The new German Federal Minister of the Interior (Christian Social Union, CSU), Horst Seehofer, said in a recent interview that “Islam does not belong to Germany … of course the Muslims who live with us belong to Germany.” Beside these controversial and paradoxical statements, which reduce people’s identities to their religion, Seehofer also stressed that he will tighten Germany’s immigration policies.
It can be stated that the new Interior Minister de facto started a populist election campaign aiming a re-election of the single-party CSU-government in Bavaria. While this happened, several mosques and Turkish associations were set on fire in German cities by “unknown extremists.” These attacks took place right after PYD/PKK terrorist sympathizers threatened to carry out more violence against Turkish mosques and associations in Germany over the Internet. No single German politician on the federal platform – except for some local voices – condemned these attacks.
The first official federal condemnation was expressed by federal spokespersons six days after the initial attacks occurred. But to stress the issue’s importance; even though 4,5 million Muslims and 3 million people with a Turkish background live in Germany, neither the Federal Minister of the Interior nor another federal minister personally showed a sign of solidarity. Unfortunately, the same can be said for civil society. Ironically as the attacks were carried out, the issue being discussed was whether Islam belonged to Germany or not.
Subsequent to Seehofer’s recent statements, many politicians distanced themselves from these remarks. Even German President Steinmeier responded to Seehofer by affirming that he believes there is place for Islam in Germany. Furthermore, Chancellor and CDU leader Merkel stated, “there are now four million Muslims living in Germany and they practice their religion here and these Muslims belong to Germany, as does their religion – Islam.” Similar approaches were expressed from moderate CDU and SPD politicians. Furthermore, MPs from the Left Party, the Greens and Liberals criticized Seehofer for his remarks and even condemned such cleaving views. On the other hand, some CSU members and even ‘conservative’ CDU politicians supported Seehofer.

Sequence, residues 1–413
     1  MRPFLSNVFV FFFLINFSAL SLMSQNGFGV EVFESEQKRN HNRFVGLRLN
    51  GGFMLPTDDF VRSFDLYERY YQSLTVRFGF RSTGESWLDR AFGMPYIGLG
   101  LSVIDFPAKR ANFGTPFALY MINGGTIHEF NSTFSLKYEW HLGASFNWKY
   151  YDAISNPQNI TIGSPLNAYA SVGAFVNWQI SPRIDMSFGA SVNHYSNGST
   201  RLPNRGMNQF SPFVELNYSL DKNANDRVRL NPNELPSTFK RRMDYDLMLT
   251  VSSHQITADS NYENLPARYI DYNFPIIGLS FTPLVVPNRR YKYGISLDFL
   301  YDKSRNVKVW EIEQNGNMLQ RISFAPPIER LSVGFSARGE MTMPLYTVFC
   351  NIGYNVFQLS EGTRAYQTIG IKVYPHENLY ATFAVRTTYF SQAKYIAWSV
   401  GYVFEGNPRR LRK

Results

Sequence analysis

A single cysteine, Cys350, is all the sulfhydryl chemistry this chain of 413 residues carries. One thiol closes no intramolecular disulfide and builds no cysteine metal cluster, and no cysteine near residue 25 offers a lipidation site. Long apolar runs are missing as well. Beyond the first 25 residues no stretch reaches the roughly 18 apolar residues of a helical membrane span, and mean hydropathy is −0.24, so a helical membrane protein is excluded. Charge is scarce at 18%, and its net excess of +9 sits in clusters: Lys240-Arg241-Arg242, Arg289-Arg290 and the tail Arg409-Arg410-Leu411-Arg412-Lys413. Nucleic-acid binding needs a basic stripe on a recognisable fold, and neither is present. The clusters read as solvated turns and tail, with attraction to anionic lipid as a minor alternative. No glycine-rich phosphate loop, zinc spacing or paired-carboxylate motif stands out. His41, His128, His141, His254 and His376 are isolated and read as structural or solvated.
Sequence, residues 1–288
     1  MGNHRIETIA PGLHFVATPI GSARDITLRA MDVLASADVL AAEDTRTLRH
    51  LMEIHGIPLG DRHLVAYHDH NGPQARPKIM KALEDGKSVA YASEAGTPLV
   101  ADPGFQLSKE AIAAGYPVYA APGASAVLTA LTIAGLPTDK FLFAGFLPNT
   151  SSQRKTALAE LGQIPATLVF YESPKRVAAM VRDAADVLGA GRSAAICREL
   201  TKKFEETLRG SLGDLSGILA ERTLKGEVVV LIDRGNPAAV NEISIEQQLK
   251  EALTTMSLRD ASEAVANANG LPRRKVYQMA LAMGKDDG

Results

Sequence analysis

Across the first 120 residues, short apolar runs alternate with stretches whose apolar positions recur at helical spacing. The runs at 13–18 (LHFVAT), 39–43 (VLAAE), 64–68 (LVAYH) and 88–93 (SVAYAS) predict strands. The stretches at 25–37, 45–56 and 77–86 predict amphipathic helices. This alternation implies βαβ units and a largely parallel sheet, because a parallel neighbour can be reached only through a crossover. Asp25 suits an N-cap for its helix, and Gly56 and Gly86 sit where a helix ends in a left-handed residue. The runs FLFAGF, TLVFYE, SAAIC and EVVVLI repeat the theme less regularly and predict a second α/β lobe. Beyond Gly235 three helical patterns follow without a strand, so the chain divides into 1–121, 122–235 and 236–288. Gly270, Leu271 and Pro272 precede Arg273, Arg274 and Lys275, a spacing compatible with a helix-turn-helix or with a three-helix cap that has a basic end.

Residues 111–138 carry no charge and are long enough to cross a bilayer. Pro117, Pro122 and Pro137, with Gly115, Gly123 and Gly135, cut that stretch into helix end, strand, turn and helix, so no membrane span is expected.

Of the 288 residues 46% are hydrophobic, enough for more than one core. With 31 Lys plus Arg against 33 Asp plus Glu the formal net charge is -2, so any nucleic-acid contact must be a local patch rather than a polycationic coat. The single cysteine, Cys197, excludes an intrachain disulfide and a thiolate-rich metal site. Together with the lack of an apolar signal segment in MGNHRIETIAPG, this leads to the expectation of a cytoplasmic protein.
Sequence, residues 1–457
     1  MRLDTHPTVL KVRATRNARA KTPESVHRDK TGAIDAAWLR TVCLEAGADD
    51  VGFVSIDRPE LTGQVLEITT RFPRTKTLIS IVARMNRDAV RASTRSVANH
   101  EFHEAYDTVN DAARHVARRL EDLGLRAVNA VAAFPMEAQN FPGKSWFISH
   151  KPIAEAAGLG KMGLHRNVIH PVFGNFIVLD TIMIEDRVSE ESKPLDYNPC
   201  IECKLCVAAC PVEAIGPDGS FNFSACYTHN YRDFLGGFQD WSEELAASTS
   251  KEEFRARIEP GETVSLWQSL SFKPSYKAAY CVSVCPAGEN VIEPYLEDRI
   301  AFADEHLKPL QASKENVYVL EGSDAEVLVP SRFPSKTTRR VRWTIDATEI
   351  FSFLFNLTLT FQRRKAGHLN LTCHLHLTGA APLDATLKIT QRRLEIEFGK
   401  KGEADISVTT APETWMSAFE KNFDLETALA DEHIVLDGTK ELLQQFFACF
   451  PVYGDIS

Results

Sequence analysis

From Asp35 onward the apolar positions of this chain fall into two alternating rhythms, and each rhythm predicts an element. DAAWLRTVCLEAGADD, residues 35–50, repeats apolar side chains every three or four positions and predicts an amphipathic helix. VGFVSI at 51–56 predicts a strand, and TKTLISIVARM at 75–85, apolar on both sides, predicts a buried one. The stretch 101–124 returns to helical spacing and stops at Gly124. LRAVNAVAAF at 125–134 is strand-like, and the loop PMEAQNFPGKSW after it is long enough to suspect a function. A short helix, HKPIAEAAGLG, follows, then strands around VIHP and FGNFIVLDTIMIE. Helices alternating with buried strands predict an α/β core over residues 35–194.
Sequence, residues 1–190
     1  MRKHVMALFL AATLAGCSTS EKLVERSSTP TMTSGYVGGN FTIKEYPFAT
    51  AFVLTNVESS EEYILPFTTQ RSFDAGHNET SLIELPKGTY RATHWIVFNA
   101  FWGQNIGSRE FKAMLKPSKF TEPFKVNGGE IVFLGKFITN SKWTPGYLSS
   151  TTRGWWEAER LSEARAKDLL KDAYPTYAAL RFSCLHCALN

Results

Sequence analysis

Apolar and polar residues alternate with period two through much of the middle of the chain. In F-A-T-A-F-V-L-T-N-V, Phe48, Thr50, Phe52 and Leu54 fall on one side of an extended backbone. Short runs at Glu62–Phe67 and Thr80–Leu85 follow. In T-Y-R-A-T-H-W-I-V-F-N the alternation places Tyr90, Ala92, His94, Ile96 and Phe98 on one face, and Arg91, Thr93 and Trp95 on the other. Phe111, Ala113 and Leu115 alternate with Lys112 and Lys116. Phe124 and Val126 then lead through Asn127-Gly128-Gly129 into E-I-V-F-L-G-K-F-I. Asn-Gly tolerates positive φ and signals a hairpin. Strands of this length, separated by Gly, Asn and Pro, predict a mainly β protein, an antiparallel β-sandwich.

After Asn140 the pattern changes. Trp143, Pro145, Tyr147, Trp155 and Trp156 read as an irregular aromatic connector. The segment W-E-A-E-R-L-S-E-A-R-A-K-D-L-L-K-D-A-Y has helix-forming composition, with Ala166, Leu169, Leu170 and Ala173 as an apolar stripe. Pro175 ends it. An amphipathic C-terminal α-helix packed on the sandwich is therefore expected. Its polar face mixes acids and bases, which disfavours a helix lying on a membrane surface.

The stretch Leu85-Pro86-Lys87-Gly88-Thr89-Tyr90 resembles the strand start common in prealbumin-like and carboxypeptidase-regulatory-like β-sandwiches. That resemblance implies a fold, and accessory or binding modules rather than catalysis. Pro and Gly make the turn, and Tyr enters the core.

The most striking statement, however, came from the right-wing Alternative for Germany (AfD). Party leader Gauland agreed with Seehofer’s stance, though, he criticized him for imitating AfD’s positions regarding Islam in Germany.
In contrast to the view of moderate politicians, according to a recently conducted survey, most of the public in Germany support Seehofer’s position. Polls indicate that 61% of society believes Islam is “absolutely not” a part of Germany, while 15% of respondents preferred the answer “probably not.” Only 6,4% stated that Islam “definitely” belongs to Germany and another 14.9% answered, “probably yes.” Current polls reflect the fact that in contrast to previous years, the number of Germans refusing Islam as a part of Germany is increasing.
Consequently, although two central parties are still the strongest in Germany, it’s quite possible that the right-wing AfD will become the second strongest party in the near future. It seems that conservative parties consider the current trend and ultimately decide to imitate AfD discourses. However, this phenomenon not only affects AfD voters and sympathizers but also affects other racist movements. The potential of being ‘anti-Islamic’ goes far beyond these circles right into the core of German society, as The Religion Monitor of the Bertelsmann Foundation suggests.
But what to do? First of all, citizens of a democratic and reasonable society may ask some questions like: Who decides which religion or people belong to the Federal Republic of Germany? Do Muslims with a German passport or Muslims who are ethnically German belong to Germany? According to Seehofer, paradoxically, Muslims do, but Islam does not, but how do you divide a Muslim from Islam?
Do people in Germany need to define themselves through their religion? Actually, the German constitution provides satisfactory contents. Or, should one assume that the Interior Minister indirectly casts doubt on constitutional facts? If a democratic state accepts that the discourse of right-wing extremists will shape the country’s future perception of what belongs to Germany, where will then be the borders of that populism and ignorance and who will guarantee that it will not end in a fiasco? As the current German president recently urged politicians not to focus on fighting over headlines, one should accept the German reality, respect the freedom of religion and stand by former German President Wulff’s assertion (2010) that “Islam is now also part of Germany.”